You have no doubt heard the phrase “Oh, my aching feet!” You may have even said it yourself. Well, your feet hurt for a reason. Sure, they could be tired, but there may also be a more serious reason for foot pain that you will want to discuss with your doctors. Foot pain is actually one of the many bunion symptoms people experience.
Other bunion symptoms can include irritated skin and swelling. However, the most visible symptom of a bunion is the protrusion of a bony area at the joint between the big toe and the foot. The big toe many times will be pointed inward and as a result some of the other toes may begin to turn under or form hammer toes. Bunions generally develop over time. They can also develop on the smallest toe which is sometimes called a tailor’s bunion or a bunionette.
You and your doctor can many times determine if you have a bunion simply by looking at your feet. However, your doctor may want to get a complete history of when the problem began, when you experience pain, how you would rate the severity of the pain and take a look at how much motion you have in your big toe. Occasionally, your doctor will get a better look at the big toe through an x-ray to check the alignment of the big toe and rule out other possibilities. Many times arthritis can cause the same malformation of the big toe as a bunion.
In addition to hammer toes, bunions can also cause other problems with your feet such as ingrown toe nails and calluses. Calluses commonly form on the bunion because the protrusion is constantly rubbing against the inside of the shoe. That constant rubbing causes friction that leads to the thickening, hardening and build up of dead skin along the big toe. Calluses can be another source of pain for people with bunions.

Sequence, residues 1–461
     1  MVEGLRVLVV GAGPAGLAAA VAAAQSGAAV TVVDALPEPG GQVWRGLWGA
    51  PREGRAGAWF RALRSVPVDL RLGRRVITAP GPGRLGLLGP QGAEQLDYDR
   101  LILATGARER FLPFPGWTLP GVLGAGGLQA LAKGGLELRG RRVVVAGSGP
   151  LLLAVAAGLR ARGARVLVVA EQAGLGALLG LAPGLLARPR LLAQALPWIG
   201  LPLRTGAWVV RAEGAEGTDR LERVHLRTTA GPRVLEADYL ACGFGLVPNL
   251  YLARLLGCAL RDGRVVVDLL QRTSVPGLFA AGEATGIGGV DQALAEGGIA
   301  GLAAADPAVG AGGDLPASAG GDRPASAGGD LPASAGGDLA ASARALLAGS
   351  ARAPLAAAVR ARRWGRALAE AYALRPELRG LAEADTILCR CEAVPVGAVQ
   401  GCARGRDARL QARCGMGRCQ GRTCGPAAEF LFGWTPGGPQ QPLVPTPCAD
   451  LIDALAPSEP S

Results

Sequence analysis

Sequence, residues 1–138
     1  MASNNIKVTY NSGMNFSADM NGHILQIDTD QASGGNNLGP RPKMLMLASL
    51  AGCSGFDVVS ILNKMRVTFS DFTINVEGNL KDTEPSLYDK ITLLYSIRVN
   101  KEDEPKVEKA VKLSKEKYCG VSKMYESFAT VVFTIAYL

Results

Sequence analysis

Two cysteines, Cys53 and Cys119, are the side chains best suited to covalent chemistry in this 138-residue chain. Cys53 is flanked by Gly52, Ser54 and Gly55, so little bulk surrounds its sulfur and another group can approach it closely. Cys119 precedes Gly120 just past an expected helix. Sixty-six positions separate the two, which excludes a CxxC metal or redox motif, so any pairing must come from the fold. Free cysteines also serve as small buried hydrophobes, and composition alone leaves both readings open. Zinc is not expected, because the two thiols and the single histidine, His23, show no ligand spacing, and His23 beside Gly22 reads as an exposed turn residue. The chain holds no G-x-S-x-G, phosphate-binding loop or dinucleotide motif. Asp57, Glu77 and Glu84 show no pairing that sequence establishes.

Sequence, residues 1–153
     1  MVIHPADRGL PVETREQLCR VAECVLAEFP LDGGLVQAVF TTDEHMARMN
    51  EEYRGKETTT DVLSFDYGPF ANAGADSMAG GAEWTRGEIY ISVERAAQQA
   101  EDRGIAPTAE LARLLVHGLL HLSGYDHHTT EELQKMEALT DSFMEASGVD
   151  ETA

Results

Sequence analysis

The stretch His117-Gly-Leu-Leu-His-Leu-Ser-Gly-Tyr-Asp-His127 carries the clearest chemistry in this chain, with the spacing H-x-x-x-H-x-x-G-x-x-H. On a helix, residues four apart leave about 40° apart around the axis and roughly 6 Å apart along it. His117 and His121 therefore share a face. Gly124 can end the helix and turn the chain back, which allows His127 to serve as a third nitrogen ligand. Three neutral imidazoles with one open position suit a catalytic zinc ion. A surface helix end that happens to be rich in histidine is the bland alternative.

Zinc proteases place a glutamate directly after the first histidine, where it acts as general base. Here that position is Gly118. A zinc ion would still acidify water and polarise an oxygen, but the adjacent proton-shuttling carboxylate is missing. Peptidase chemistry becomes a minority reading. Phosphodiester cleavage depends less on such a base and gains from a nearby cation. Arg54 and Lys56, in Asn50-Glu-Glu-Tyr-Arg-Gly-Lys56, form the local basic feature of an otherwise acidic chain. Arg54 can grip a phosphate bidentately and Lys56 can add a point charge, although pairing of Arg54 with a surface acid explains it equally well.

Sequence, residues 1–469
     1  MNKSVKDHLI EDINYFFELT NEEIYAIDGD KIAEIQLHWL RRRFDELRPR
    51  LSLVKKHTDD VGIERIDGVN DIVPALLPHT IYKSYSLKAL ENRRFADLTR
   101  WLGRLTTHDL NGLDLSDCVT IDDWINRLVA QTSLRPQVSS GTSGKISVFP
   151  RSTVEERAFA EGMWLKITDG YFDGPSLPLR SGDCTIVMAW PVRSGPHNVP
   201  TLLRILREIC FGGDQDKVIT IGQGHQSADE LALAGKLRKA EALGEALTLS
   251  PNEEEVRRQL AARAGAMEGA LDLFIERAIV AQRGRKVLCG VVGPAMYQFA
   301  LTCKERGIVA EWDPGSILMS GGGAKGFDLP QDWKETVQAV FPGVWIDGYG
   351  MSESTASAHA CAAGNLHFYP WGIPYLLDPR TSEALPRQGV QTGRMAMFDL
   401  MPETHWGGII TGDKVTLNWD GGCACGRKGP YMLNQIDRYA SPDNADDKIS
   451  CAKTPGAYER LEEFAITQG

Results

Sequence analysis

Causes of Bunions
Many people associate the formation of bunions with the wearing of shoes that are too tight or ill-fitting. Many high heel shoe designs force the toes into a pointed end of the shoe placing a great amount of pressure on the toes because of the elevated heel. While shoes are certainly one cause for bunions or at least one of the contributing causes, there can also be genetic causes for bunions as well. Some people are born with big toes that are misaligned. Also, many times people low arches or flat feet are more prone to bunions. Flat feet can also be caused by weight gain, long spans of walking, standing or running and shoes that do not fit properly. All of these problems can lead to or contribute to the formation of bunions.
Meanwhile, if you are a woman you are more likely to have bunions than men. That could partially be because of the shoe-wearing habits of women. Other things that make you more prone to developing bunions include parents or other family members who developed bunions, rolling your foot to the inside when you walk, gout that affects the big toe joint as well as rheumatoid arthritis that affects the big toe joint.
There are a wide range of treatments you can utilize for your bunion symptoms. They can be as simple as buying bunion separators that are comfortable and don’t create pressure on your toes, to using an over the counter pain reliever.